A microprocessor-based universal circular chart recorder is ideal for recording process measurements or scientific and engineering data.


A chart recorder is an electronic instrument that keeps track of various measurements required in industrial and laboratory environments. Broadly speaking, it is used to record:

  • process measurements for such variables as temperature, pressure, flow, pH and humidity


  • scientific and engineering data for applications such as testing and diagnostics, statistical analysis and other laboratory work that requires a graphic or digital record of variables.

    Strip chart recorders consist of a roll or strip of paper that passes linearly beneath one or more pens. As the signal changes, each pen's deflection records the process being measured in the form of a chart. Well suited to recording of continuous processes, strip chart recorders are commonly used in both laboratory and process-measurement applications. For future reference, sections of the paper can be torn off and archived.

    A circular chart recorder tracks data on a paper disc rotated beneath one or more pens, which, as in a strip chart recorder, deflect with fluctuating electrical signals. The difference is that the resulting chart is circular rather than linear. Circular chart recorders are ideal for batch processes that operate within a known time frame. They can be configured so that each rotation of the chart covers a standard time period -- one hour, 24 hours, seven days, etc. Some recorders will also accommodate non-standard periods. The advantage of a circular chart is that, at a glance, you get a complete history of one or several variables over the specified period.

    For many users, the tried-and-true output of a circular chart recorder is so easy to handle, read and interpret that they wouldn't dream of switching to paperless technology. When the processes to be tracked involve limited variables that do not require a PC-based interface, paper and pen can still be the way to go. A data logger may accept a greater number of inputs, but only a circular recorder provides a truly continuous and highly intuitive trend display of a variable's change with time.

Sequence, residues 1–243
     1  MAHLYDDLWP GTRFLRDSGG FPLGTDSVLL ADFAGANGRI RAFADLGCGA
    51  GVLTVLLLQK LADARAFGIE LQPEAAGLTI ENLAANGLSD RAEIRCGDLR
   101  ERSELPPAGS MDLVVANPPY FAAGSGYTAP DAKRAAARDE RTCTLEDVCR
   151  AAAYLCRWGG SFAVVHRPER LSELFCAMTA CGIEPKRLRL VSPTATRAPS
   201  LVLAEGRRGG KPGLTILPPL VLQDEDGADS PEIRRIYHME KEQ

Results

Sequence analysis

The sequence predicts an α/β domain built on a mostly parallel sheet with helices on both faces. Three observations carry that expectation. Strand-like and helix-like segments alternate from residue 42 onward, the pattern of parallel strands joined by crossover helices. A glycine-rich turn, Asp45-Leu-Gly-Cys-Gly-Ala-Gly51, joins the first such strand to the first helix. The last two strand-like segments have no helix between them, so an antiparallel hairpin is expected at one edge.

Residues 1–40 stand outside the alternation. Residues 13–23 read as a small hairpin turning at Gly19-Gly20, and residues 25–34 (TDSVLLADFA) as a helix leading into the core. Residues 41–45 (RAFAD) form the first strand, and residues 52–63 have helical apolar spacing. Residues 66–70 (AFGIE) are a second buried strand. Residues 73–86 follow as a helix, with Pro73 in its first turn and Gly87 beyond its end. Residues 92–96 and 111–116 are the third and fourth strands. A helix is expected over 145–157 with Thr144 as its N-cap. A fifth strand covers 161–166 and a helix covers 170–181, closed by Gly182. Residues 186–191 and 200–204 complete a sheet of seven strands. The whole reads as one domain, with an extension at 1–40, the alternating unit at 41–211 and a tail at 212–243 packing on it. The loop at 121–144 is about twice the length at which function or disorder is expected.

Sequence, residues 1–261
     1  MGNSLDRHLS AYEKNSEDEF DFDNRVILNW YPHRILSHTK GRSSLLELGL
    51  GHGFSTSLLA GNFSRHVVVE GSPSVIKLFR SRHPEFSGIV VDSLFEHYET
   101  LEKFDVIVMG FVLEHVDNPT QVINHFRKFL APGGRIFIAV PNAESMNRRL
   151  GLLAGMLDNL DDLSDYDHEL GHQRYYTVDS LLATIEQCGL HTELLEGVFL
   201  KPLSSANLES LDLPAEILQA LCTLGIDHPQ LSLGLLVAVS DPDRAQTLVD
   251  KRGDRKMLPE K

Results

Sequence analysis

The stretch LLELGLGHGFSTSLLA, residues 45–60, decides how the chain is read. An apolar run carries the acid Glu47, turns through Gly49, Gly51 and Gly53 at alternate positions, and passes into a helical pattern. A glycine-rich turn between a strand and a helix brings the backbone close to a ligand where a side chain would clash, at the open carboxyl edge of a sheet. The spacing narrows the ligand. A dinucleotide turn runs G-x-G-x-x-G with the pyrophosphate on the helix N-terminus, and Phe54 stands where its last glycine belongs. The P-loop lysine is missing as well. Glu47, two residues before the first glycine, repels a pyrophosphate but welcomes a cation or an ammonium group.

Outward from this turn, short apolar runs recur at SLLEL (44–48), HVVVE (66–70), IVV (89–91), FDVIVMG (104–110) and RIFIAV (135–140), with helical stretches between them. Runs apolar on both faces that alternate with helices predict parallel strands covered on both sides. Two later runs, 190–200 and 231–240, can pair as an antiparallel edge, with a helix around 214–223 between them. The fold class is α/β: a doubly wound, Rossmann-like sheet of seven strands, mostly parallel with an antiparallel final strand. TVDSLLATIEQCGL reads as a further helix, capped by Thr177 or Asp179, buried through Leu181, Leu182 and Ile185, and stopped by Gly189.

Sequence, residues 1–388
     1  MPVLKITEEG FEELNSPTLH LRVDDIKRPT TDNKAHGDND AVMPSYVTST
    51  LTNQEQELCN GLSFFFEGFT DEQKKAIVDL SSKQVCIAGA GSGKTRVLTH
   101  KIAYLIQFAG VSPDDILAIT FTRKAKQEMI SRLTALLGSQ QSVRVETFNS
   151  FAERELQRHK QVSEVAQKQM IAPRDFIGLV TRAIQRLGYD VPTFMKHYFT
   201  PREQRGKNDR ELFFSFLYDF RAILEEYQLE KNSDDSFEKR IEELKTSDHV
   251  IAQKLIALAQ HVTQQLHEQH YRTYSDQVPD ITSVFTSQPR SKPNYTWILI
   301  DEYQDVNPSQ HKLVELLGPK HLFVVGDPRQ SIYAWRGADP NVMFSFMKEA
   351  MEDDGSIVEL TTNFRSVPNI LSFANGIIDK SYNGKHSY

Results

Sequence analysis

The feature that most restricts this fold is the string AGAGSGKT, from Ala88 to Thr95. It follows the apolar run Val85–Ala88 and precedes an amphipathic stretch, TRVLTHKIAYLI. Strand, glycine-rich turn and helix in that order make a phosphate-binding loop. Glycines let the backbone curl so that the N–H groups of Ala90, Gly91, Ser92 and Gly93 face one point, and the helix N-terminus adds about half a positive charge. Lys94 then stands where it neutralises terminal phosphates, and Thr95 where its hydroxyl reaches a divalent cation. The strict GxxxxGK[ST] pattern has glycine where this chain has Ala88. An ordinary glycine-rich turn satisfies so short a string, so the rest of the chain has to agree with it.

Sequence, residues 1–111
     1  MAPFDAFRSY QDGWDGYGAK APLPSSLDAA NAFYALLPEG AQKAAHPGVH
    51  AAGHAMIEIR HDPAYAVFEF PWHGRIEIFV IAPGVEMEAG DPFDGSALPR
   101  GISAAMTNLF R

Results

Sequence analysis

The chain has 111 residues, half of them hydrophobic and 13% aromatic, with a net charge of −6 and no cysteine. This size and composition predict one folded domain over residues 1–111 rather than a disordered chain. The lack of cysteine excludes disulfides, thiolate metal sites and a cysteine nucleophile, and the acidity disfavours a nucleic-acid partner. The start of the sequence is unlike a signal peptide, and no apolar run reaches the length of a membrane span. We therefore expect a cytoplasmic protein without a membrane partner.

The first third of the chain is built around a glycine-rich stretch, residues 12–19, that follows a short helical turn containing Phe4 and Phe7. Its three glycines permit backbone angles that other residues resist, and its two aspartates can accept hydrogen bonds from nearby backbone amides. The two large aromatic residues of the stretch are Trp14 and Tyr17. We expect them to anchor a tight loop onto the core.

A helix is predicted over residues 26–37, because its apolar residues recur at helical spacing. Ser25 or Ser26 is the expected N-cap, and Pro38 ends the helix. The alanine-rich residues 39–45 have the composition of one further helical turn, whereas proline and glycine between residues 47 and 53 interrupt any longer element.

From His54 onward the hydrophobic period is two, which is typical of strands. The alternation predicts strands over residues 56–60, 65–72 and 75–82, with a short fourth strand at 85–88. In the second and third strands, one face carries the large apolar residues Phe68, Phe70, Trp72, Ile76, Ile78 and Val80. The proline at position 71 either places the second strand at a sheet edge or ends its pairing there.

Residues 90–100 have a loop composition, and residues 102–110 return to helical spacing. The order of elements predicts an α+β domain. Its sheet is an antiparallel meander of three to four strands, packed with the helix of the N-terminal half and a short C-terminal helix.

With advanced electronics such as microprocessors, improved ergonomics and new user-interface features, the latest models are anything but low tech. For example, some portable circular chart recorders can be configured to operate on a one-, seven- or 32-day chart. Some units offer dual-thermocouple input, dual-process input, and temperature and relative humidity models. The dual-thermocouple input model could use a Type J, K or T thermocouple input that can measure and record the temperature of virtually any process. By monitoring temperature over time, the user can determine whether process improvements are indicated. For example, the charted graphs could provide insight into the correlation between temperature and, say, the wear and tear of an engine.

    A dual-process input model records any standard process voltage/current signal -- 0/5 Vdc, 4/20 mA, 0/10 Vdc, etc. -- providing a representative measure of flow, pressure, AC voltage/current and other processes. One application for this model would be to monitor the AC current of a machine vs. the temperature buildup in a component of the same machine. The charted graphs would show how the two parameters correlate, perhaps indicating that the component's temperature rise will lead to premature failure. Another application would be to monitor a machine's AC current and AC voltage over a selected period. The resulting graphs would let the user calculate total power consumed vs. time.

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    Additional Applications

    Monitoring air quality in a factory, laboratory, hospital, office, museum or other environment is a typical application of a temperature and relative humidity model of a circular chart recorder.

    The charted data can indicate whether air quality needs improvement. A unit with a dual, backlit display would show temperature and humidity in real time, and the same data could be stored in the recorder's non-volatile memory. In some models, the stored data can be downloaded to a PC through an RS-232 serial port. Depending on the recorder model, outside processes could be controlled with two built-in relays and two voltage alarm outputs.

    “These are just a few applications,” said Shahin Baghai, manager of product development at Omega Engineering in Stamford, Conn. “There are probably hundreds of ways in which circular chart recorders can help users who need to monitor and record two processes over time. The charted graphs give a tremendous amount of information on each process and how the two correlate, often providing insight into how improvements can be made.”

    For more information

    Contact Omega Engineering Inc. Call (888) 826-6342 or e-mail info@omega.com.

    Related Sites

    Omega Engineering >> www.omega.com